Saturday, July 12, 2014

Google Fiber - "What speed do you really get?"

I've heard the question "What speed do you really get?" a lot since I've had Google Fiber installed. I thought I would show a few examples and explain why some of them might be misleading.

*All of these examples were taken wired in, to take wireless out of the equation.

First, a speedtest to Google Fiber's KC speedtest server. ( ~1 ms away

This is close to the best speeds you'll ever see. 941 Mbps down and 941 Mbps up is pretty much the max, the rest (~60 Mbps in each direction) is protocol overhead. If you want to understand why there is so much protocol overhead this is an excellent article that explains it. Protocol Overhead by Phil Dykstra

Next is a speedtest to Google Fiber's Mountain View speedtest server. ( ~40 ms away

Something seems odd here, why is the download so much slower than the upload?
The Google Fiber speedtest uses a different method to test download then it uses to test upload. The method they use to test download works fine with very low latency but does pretty bad at just 40ms of latency. The upload speed still looks great though.

Here's the speedtest to Google Fiber's Provo speedtest server. ( ~23 ms away

At 23ms away the download speed went up a little but it's lower than the true speed still. Upload looks great.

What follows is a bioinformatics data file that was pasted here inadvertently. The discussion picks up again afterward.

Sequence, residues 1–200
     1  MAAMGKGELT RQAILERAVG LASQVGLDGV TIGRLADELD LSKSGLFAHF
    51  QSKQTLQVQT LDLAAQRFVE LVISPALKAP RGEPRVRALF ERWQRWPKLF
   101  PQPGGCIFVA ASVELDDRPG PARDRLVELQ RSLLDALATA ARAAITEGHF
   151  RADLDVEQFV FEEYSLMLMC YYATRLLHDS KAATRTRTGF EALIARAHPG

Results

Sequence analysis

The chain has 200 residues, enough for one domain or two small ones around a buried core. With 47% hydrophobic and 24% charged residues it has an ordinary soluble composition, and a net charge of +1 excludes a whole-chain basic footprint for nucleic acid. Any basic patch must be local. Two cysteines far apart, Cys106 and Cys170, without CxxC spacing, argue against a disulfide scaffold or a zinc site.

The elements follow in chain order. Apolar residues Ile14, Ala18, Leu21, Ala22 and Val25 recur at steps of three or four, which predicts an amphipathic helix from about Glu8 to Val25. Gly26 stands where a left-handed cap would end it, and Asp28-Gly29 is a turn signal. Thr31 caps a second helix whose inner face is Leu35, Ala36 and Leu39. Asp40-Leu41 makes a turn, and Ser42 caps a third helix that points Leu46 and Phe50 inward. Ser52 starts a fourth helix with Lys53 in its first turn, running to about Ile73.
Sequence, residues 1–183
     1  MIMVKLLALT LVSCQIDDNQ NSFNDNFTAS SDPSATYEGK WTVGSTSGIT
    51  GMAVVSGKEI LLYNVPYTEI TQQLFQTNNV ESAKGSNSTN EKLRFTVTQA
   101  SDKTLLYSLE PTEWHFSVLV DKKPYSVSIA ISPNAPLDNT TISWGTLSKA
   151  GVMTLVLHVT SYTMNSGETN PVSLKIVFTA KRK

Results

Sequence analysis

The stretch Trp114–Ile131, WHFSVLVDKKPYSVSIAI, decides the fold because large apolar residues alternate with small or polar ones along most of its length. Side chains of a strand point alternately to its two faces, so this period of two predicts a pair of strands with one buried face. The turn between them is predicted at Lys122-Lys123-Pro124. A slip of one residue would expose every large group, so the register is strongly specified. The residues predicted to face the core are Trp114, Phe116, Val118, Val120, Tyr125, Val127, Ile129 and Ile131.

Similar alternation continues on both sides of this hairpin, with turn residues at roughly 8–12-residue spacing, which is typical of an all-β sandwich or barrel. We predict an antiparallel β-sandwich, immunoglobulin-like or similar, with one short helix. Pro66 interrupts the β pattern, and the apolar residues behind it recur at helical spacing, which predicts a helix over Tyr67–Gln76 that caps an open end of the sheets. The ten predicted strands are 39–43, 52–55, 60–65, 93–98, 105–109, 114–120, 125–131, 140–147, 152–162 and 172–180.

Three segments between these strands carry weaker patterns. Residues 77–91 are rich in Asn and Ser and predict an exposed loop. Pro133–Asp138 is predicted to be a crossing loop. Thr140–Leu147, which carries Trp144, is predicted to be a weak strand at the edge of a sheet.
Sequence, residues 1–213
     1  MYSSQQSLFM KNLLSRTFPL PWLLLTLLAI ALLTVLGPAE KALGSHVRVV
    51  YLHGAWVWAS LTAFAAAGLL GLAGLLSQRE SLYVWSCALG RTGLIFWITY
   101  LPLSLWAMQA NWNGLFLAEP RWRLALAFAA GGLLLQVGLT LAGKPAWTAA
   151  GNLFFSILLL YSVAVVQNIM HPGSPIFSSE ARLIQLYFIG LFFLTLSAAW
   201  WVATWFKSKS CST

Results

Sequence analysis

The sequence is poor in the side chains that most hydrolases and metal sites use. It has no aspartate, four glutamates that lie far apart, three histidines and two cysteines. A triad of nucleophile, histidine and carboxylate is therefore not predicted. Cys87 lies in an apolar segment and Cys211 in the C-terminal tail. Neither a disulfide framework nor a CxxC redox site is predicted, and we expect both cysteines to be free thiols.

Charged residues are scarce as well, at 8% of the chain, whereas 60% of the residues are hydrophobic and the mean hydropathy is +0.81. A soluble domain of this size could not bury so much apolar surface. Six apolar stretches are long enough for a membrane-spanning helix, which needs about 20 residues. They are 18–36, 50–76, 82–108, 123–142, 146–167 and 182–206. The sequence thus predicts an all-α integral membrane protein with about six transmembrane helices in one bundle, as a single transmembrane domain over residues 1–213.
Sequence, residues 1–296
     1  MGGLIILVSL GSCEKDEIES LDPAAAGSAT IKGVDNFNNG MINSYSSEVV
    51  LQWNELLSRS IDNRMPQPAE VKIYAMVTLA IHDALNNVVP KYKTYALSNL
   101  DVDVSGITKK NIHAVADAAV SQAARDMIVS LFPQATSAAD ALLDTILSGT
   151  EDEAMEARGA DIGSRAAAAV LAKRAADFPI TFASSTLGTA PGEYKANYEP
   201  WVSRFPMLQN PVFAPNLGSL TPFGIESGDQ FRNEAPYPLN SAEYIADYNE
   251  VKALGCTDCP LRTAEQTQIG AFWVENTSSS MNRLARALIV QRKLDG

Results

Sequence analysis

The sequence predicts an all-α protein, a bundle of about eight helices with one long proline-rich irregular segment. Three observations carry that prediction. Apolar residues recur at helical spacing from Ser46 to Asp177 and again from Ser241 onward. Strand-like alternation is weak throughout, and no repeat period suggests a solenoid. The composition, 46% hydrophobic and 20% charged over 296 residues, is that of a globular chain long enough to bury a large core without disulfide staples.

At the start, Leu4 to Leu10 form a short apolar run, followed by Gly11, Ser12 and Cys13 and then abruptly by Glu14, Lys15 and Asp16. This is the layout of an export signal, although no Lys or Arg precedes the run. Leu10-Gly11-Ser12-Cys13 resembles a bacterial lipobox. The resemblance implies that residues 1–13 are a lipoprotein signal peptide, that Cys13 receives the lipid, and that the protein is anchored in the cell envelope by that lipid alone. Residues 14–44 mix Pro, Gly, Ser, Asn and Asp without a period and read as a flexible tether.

In case you don't trust Google Fiber's own speedtest, here's what looks like. (Disclaimer: Google setup their own speedtest server for It can only be used by Google Fiber customers.)

Google had to setup their own server because most test servers on can't handle testing a Gigabit connection.
The ~800 Mbps download is odd because the exact same servers that are used for are used as speedtest servers for Both speedtests were written by Ookla and use the same ports and test data.
It appears the flash speedtest that Google uses handles minor hiccups during the test much better than's flash speedtest does though.

My conclusion is that Google Fiber really does provide 1 Gbps down and up. Speedtests just aren't great at showing connections of that speed yet, especially over any distance.

**If you have an older computer, even if it has a gigabit network card, you won't be able to reach the max speed that Google Fiber offers with flash speedtests.

UPDATE 8-17-2014:

It looks like tweaks have been made to the speedtest servers. Here are new results as of 8-17-2014:

KC Speedtest

Mountain View Speedtest

Note: no longer points to the Mountain View speedtest server, use this link instead

Provo Speedtest